The probe 16 is made of a single continuous electrical conductor and, preferably, of a single-piece precision casting of electrically conductive metal or alloy. The probe 16 comprises a receiver probe portion 22, one-quarter wavelength long, having its longitudinal axis disposed in a plane perpendicular to the longitudinal axis of the circular waveguide 12, and a signal launch probe portion 24 held within the dielectric rod 18 with its longitudinal axis aligned with the longitudinal axis, or axis of symmetry, of the circular waveguide 12. The signal launch probe portion 24 projects within the rectangular waveguide 14, perpendicularly to the axis of the waveguide 14. The signal receiver probe portion 22 of the probe 16 and the signal launch probe portion 24 are integrally connected by a transmission line portion 26. The transmission line portion 26 is substantially a rectangle disposed in a plane aligned with the longitudinal axis of the signal launch probe portion 24, and perpendicular to the longitudinal axis of the signal receiver probe portion 22. As best shown in FIGS. 2 and 3, the transmission line portion 26 is formed of two U-shaped branches 26a and 26b, respectively, which, relative to an axis of symmetry 28, are equal in length. The axis of symmetry 28 coincides with the longitudinal axis of the circular waveguide 12 and with the axis of rotation of the probe 16. Equality of the lengths of the transmission line branches 26a and 26b is critical for minimizing signal strength losses between the signal receiver probe portion 22 and the signal launch probe portion 24. Accurate fabrication of the probe 16, such as by precision casting, results in providing equal length branches 26a and 26b for the transmission line 26, and in providing accurate one-quarter wavelength for the signal receiver probe portion 22, for better rejection of unwanted signals, and improved signal-to-noise ratio performance.
The particular configuration of the probe transmission line 26 between the signal receiver probe portion 22 and the signal launch probe portion 24 results in a practically capacitanceless transmission line, and in good impedance match between the two waveguides 12 and 14. The length of the portion 26c of each branch, parallel to the axis 28 of the waveguide 12, is preferably one-quarter of a wavelength. The length of the portions 26d and 26e is also preferably approximately one-quarter of a wavelength. The portions 26d are parallel to the rear wall 13 of the waveguide 12, and about 2 to 4 mm. away from the surface of the rear wall 13. The length of the launch probe portion 24 is not critical, as long as the launch probe portion 24 extends into the waveguide 14 beyond the end wall 13. Typically, and only for the sake of convenience, the length of the launch probe portion 24 extending into the waveguide 14 is approximately 1/6 of the wavelength.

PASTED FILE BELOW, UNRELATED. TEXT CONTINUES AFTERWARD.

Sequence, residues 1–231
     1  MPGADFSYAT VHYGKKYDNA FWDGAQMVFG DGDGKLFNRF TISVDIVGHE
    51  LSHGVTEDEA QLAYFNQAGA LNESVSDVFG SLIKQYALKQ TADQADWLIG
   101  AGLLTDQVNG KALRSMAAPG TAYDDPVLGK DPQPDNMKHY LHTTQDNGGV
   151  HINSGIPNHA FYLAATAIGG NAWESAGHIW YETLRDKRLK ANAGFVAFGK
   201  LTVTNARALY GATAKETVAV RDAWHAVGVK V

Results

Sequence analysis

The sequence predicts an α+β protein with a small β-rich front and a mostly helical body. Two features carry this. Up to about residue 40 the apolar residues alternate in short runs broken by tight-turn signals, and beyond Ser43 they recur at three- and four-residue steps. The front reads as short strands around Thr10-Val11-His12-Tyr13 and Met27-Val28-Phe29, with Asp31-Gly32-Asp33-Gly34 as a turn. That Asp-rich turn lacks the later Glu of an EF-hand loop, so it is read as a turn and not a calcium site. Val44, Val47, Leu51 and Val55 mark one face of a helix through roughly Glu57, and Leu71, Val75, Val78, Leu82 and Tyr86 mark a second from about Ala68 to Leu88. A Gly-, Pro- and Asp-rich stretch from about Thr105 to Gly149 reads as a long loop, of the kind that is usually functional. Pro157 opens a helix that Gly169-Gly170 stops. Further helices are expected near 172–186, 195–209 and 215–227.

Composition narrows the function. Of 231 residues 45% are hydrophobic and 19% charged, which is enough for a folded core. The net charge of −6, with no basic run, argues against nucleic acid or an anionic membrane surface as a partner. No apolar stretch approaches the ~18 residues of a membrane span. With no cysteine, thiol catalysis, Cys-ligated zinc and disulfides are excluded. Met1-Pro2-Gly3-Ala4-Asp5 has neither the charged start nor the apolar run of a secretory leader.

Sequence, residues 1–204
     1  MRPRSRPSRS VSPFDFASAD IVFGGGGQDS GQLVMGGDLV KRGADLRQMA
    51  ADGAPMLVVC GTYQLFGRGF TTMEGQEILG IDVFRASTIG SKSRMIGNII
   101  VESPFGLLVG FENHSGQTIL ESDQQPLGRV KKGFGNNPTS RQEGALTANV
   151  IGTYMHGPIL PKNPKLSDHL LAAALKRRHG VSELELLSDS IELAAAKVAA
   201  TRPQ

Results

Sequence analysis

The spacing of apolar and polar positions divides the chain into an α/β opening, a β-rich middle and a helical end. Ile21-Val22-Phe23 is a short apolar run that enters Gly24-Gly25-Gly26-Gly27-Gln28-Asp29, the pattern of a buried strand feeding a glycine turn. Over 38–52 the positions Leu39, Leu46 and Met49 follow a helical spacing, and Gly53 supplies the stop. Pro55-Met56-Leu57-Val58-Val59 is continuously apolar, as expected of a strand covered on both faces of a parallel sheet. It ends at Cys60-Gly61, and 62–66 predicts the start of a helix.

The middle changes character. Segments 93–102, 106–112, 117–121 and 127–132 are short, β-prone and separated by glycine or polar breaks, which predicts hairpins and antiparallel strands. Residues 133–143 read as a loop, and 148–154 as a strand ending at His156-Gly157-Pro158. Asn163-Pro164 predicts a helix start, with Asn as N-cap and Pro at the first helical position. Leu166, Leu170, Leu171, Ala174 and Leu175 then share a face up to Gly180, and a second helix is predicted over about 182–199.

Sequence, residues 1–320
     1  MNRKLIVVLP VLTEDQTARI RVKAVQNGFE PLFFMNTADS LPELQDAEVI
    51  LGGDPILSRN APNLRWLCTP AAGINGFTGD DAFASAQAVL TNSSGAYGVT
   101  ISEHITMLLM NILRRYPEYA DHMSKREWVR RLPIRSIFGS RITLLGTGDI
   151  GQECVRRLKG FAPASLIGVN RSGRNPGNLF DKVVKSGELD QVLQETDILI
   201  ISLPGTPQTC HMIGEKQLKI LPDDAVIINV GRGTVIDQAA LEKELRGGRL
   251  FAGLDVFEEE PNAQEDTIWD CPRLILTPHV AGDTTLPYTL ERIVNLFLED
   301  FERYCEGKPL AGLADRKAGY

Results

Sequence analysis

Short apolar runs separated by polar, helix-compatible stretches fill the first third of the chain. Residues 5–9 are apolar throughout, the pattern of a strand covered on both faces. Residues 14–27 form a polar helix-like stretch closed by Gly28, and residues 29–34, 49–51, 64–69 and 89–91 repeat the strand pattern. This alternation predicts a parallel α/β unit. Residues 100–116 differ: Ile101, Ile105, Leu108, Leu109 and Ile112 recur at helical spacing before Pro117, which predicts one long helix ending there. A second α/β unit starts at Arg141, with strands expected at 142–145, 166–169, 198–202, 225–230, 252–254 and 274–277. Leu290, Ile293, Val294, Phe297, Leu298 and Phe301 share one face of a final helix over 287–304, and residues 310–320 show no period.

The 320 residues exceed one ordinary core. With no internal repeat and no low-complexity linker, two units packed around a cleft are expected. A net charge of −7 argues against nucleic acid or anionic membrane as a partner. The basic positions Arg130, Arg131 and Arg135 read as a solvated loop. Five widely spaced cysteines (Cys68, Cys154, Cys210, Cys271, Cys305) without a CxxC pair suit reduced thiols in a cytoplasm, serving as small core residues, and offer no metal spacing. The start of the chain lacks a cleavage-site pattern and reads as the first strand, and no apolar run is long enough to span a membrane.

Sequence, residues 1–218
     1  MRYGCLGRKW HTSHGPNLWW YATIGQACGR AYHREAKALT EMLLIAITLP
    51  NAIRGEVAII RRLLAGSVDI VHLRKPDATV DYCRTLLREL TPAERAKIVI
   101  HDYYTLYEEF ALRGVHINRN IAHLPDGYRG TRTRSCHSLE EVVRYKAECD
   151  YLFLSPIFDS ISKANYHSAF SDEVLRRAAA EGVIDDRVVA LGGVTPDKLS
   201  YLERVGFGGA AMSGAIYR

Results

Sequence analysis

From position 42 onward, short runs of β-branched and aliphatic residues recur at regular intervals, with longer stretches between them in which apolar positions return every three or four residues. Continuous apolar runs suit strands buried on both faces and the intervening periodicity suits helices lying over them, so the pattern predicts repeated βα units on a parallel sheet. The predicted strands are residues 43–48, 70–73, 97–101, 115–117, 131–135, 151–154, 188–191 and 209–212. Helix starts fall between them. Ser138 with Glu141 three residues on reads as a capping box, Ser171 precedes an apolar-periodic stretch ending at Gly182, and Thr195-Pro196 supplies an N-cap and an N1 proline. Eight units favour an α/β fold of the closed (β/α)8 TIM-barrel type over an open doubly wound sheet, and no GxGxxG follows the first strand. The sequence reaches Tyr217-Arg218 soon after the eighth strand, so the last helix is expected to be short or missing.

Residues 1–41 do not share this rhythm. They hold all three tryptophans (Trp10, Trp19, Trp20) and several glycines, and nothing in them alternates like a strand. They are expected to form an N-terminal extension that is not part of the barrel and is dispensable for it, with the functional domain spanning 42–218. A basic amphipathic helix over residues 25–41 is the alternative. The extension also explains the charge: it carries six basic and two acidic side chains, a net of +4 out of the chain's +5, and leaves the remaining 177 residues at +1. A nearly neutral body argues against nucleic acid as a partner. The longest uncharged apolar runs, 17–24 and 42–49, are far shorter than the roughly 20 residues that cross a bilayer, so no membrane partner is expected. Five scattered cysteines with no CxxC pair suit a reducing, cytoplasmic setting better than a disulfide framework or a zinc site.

In operation, the probe 16 is rotatively driven, from a remote control location, by way of the servomotor 20 rotating the dielectric rod 18, thus causing the signal receiver probe portion 22 to sweep a circular plane in the circular waveguide 12, perpendicular to the axis 28. As the signal receiver probe portion 22 aligns itself with the desired linearly polarized signal in the circular waveguide 12, the detected signal is transmitted through the bifurcated transmission line 26 to the signal launch probe portion 24. The desired orientation of the signal receiver probe portion 22 is determined by a peak in the detected signal amplitude. The signal launched by the signal launch probe portion 24 is evidently unaffected by the rotation of the probe 16, because the launch signal probe portion 24 rotates around the axis of symmetry 28.
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|U.S. Classification||343/786, 324/95, 333/21.00R, 333/21.00A|
|International Classification||H01P1/165, H01Q13/02|
|Cooperative Classification||H01Q13/02, H01P1/165, H01Q13/065|
|European Classification||H01Q13/02, H01P1/165, H01Q13/06B|
|Jun 20, 1989||REMI||Maintenance fee reminder mailed|
|Nov 19, 1989||LAPS||Lapse for failure to pay maintenance fees|
|Feb 6, 1990||FP||Expired due to failure to pay maintenance fee|
Effective date: 19891119
|Apr 2, 1999||AS||Assignment|
Owner name: WACHOVIA BANK, N.A., GEORGIA
Free format text: SECURITY INTEREST;ASSIGNOR:INCHEM CORP.;REEL/FRAME:009875/0038
Effective date: 19990331